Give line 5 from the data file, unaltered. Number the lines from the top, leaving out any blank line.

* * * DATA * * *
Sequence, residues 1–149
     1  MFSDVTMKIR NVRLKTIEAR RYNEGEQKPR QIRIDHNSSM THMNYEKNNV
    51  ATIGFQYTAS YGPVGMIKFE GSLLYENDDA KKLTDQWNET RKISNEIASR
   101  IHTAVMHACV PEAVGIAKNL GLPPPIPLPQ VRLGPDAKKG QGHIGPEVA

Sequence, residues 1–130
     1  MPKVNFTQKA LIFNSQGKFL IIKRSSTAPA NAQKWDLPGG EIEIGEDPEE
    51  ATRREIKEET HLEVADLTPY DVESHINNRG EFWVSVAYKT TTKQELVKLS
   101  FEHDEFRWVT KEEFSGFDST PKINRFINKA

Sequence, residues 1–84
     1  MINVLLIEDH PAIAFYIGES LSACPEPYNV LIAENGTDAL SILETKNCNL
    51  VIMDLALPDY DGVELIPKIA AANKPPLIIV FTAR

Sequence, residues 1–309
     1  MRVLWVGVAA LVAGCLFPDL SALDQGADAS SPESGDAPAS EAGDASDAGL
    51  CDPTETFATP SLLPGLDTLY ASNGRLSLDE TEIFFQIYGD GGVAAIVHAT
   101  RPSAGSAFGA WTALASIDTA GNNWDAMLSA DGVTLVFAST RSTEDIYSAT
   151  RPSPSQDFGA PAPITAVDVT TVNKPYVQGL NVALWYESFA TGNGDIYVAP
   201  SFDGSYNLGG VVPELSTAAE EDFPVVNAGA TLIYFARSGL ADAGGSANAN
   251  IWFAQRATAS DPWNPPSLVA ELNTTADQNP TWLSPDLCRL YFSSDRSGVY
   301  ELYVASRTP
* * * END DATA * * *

Sequence, residues 1–130